Data Discovery on the Information Highway (includes ProFusion and ProFilter)
Project Award Date: 0000-00-00
The Information Highway has become a reality. Increased access to the Internet by the public at large, combined with the development of easy-to-use graphical browsing interfaces-for example, Mosaic and Netscape-has led to an explosion of added information. The World Wide Web (WWW) in particular is being used to present an exponentially growing amount and range of information which people can browse through. Unfortunately, "too much information" can be the same thing as "not enough information": if the information you seek is buried under an avalanche, is it really there? This research has developed a pilot system which can automatically browse the on-line information, filter it, and display it, bringing the information to the user rather than requiring the user to seek it out.
In the first phase of this project, we developed a meta search engine, ProFusion. The goal of this project was to develop an intelligent, adaptive Web search tool. ProFusion, was awarded the PC Magazine Editor's Choice Award in the "Advanced Meta-Search" category for 1997.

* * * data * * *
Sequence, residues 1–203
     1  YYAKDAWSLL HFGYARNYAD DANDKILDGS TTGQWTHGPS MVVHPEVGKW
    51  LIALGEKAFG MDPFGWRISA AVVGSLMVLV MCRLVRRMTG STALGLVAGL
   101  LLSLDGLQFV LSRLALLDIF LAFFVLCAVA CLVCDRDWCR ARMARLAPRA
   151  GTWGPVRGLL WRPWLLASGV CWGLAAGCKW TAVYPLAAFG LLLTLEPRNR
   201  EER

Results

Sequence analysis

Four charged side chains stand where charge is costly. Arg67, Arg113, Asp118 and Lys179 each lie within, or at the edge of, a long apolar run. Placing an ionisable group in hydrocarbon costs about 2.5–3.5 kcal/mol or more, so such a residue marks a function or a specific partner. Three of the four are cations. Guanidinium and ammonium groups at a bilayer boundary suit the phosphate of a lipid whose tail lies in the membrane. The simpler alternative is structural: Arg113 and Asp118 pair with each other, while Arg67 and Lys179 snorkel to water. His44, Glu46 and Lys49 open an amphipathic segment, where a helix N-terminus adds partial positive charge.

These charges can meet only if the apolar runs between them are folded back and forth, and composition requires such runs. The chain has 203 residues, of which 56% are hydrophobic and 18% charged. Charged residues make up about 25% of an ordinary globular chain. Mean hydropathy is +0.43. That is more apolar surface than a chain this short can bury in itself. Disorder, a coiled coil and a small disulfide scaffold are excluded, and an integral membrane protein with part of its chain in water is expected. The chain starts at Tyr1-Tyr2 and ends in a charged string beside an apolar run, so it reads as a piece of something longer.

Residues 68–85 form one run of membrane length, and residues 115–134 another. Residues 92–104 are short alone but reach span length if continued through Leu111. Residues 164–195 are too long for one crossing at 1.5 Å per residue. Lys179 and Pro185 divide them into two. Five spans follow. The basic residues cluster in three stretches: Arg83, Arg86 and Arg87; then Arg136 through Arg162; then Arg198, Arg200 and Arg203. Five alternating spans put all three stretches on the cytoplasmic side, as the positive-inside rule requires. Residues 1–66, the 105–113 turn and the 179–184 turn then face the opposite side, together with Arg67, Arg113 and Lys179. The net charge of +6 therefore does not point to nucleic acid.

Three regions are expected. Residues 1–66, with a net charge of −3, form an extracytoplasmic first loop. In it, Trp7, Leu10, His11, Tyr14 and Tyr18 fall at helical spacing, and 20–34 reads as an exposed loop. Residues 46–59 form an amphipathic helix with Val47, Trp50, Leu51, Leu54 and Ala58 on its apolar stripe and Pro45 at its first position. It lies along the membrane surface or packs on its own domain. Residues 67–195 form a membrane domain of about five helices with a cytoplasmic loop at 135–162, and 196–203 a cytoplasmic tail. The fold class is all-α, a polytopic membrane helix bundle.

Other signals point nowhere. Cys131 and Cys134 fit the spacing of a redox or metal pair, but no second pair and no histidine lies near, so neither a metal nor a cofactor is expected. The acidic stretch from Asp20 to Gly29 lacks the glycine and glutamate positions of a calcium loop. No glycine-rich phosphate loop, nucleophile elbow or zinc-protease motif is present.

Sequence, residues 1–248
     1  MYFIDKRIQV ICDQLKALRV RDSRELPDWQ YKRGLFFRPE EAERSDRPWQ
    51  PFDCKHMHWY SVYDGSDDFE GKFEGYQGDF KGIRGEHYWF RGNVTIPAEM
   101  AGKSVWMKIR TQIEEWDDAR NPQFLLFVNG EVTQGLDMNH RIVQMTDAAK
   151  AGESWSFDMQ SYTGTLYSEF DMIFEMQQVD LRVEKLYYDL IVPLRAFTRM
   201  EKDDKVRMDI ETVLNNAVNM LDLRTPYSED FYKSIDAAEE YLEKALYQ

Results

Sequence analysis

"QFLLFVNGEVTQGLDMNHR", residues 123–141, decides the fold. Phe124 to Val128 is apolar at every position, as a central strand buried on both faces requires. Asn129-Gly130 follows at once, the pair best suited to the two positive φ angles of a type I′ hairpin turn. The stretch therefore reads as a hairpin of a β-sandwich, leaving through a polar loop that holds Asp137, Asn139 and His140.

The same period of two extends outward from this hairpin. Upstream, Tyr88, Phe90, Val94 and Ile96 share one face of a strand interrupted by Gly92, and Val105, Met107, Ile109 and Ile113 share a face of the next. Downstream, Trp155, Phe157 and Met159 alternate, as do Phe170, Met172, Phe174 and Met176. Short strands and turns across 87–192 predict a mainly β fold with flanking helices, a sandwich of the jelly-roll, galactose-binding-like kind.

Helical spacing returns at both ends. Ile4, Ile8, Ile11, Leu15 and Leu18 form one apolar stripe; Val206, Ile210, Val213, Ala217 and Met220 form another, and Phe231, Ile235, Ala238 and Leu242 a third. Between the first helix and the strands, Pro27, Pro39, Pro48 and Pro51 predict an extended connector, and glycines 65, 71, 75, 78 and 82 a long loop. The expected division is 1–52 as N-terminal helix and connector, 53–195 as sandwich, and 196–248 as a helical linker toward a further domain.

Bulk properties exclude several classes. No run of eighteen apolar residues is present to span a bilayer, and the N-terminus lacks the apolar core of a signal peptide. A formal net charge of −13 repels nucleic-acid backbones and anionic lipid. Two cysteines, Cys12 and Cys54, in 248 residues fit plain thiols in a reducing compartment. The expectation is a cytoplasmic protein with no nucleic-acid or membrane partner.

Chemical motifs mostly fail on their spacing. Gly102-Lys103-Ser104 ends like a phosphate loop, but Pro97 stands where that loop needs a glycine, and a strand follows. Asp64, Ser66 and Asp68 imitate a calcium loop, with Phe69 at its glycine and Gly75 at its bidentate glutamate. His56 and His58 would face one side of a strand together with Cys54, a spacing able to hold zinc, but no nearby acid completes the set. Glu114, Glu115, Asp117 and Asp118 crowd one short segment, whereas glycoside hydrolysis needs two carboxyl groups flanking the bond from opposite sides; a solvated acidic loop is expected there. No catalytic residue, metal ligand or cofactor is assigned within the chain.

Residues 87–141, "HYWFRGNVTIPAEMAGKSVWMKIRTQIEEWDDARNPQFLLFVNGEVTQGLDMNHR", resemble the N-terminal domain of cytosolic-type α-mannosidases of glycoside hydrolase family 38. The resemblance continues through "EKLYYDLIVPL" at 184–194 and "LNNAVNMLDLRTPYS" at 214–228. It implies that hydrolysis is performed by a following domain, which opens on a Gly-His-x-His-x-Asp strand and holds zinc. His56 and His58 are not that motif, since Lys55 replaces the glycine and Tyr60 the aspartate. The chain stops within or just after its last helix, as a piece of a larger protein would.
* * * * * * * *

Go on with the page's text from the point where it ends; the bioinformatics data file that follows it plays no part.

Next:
ProFusion analyzes incoming queries, categorizes them, and automatically picks the best search engines for the query, based on a priori knowledge (confidence factors) which represents the suitability of each search engine for each category. It uses these confidence factors to merge the search results into a re-weight list of the returned documents, removes duplicates and, optionally, broken links, and presents the final rank-ordered list to the user.
The main goals of this phase of the research were to (1) provide ProFusion with a multi-agent architecture which is easier to extend, maintain, and distribute; and (2) to include automatic adaptation algoritms to replace the hard-coded a priori knowledge. Our multi-agent architecture demonstrates various desirable agent characteristics, including task-oriented modules, task-specific solutions, de-emphasized representations, decentralized control structure, and learning and development.
The second phase of our information filtering project, ProFilter, uses a database to store queries (and their results) for individual users. Over time, the queries are automatically re-run and the new results added to the user's collection. User feedback can be used to eliminate irrelevant results from those displayed by the user. the irrelevant data, however, remain in the database to prevent their being presented to the user as the result of a leter search. We are conducting research on how to incorporate intelligent pre-filtering of the search results based on user feedback into the operational system.
Primary Sponsor(s): NSF and KU Faculty Development Fund